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A Practical Guide to Information Architecture
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A Practical Guide to Information Architecture

3.89  ·  Rating details ·  217 ratings  ·  20 reviews
If you're a website designer, intranet manager or someone without much Information Architecture experience, this book answers all those questions you were afraid to ask.

Drawing on her many years experience of practising and teaching Information Architecture, Donna Spencer guides you through some simple steps to better IA and leaves you feeling empowered and able to run you
ebook, 308 pages
Published 2010 by Five Simple Steps
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3.89  · 
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 ·  217 ratings  ·  20 reviews

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Jun 04, 2012 rated it really liked it
Recommends it for: design professionals; beginning IAs; web project managers
While there are and will be IA experts who are available to tackle the really wicked challenges, this book is like putting Industrial Strength Information Architecture in the hands of everyday practitioners. While I feel this book is valuable for any business professional working on a redesign. I think individuals that are already familiar with user-centered design will find the most value.
I rated this book four stars but five stars is unatainable for this subject area. Any further in scope or d
Adrian Costea
Oct 04, 2018 rated it did not like it  ·  review of another edition
Self promoting, too general book

I read 14% of the book and then randomly jumped to what I thought would be more relevant parts. Everything is way too generaly exposed, no real methodology, patterns or eye-openung case studies. This is just writing for the sake of being called an author, unfortunatelly. Obviously, I don't recommend this book.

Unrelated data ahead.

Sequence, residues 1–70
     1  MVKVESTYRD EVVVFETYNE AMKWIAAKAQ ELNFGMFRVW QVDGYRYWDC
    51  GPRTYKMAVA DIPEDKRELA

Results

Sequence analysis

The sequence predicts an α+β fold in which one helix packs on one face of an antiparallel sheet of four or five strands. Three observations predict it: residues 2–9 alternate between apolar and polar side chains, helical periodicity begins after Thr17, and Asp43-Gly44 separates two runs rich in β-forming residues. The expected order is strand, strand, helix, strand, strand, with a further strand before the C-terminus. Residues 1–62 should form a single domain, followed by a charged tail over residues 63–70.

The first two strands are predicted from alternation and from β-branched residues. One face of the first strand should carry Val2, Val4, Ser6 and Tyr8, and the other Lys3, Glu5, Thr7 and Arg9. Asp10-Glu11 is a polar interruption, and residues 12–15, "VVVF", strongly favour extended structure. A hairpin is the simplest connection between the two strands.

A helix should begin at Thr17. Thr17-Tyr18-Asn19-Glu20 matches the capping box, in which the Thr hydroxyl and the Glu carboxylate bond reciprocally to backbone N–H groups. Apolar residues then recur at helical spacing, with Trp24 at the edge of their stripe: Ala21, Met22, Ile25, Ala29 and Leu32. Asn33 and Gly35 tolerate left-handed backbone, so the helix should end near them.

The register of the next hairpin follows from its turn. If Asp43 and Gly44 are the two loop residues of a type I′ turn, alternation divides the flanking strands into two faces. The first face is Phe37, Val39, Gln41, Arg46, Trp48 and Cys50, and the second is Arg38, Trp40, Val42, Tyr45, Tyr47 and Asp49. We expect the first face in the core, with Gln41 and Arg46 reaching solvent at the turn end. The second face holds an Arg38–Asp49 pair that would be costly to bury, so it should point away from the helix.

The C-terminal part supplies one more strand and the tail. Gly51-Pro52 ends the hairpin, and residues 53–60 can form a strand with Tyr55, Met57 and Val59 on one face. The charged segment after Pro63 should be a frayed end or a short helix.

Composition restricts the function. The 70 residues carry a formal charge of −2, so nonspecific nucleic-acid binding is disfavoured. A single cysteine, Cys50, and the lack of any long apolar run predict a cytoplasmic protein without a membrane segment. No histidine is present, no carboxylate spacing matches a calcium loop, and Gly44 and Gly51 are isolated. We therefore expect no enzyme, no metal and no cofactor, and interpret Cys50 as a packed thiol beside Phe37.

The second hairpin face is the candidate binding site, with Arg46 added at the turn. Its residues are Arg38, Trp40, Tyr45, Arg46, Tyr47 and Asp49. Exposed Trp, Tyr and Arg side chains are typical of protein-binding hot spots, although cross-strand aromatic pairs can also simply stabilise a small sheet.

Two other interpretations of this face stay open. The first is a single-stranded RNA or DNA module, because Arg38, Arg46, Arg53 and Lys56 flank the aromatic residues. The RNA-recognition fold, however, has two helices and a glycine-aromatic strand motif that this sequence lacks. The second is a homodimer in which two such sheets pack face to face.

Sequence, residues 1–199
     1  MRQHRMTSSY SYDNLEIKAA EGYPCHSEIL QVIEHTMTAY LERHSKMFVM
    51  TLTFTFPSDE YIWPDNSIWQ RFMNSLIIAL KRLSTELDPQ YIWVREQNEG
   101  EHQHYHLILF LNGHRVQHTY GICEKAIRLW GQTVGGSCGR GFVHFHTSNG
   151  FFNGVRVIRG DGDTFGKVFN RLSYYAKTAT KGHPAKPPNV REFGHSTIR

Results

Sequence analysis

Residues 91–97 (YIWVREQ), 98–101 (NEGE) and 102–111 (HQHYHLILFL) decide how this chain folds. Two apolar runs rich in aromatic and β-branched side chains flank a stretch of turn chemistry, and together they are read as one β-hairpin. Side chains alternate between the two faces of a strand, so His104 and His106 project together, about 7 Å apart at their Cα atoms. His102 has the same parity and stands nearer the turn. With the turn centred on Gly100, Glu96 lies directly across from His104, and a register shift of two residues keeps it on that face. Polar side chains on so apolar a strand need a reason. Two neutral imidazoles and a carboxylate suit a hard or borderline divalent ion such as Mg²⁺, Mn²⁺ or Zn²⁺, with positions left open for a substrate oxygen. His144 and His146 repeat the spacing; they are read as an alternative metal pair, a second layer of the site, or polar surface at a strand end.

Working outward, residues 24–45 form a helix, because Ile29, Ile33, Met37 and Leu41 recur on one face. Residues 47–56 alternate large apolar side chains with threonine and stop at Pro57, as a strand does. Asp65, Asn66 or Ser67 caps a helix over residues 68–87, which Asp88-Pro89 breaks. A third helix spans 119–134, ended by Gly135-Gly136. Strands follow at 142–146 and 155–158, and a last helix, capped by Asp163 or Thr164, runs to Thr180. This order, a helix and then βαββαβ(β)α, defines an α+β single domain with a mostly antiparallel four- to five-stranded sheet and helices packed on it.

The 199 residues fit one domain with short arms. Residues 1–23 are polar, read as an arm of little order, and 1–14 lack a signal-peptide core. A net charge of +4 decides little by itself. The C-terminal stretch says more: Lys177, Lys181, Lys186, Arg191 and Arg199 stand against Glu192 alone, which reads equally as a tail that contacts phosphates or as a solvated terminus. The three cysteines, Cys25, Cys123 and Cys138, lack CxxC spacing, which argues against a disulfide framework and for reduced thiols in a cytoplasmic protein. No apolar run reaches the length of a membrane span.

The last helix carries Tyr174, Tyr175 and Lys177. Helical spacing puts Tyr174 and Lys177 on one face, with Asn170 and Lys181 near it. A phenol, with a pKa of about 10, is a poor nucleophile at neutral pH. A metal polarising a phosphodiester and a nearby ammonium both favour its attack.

Jun 28, 2018 rated it really liked it  ·  review of another edition

If you're interested in information architecture, and I mean seriously interested in it, this book is well worth reading. It's a comprehensive and practical reference that could sit on your desk as you work through your first client briefs or coursework projects. It's a little dry in places and could be brought up to date for the responsive design and app era, which is why it's three stars. But the fundamentals are strong - it's all about the user and the research, remember?

It also bene
Aug 20, 2010 rated it it was amazing  ·  review of another edition
Shelves: ux
well done Donna, this is a brilliant introduction to Information Architecture. Even as someone with years of experience I picked up a few new tips and tricks from this book. Well worth my time and a beautifully written and designed book.
Nov 27, 2016 rated it really liked it
Grant Baker
Aug 10, 2017 rated it really liked it  ·  review of another edition
This book was an excellent primer into developing an information architecture, though I wish it would have focused more on the actual creation of the IA, understanding categories and how to incorporate all the information you get from the design research.
Ian Stewart
Dec 04, 2017 rated it liked it
This was a decent introduction to IA and website design that I’d recommend to someone new to the subject. (Unfortunately for me it covered a lot of concepts and strategies I was already familiar with.)
Aug 23, 2019 rated it it was amazing
Such an easy read but it took me soooo long. Pretty straightforward book, but more for website designers.
Talia Skinner
Jan 15, 2018 rated it really liked it
A good basic introduction to organising information.
Dave Emmett
Aug 26, 2010 rated it really liked it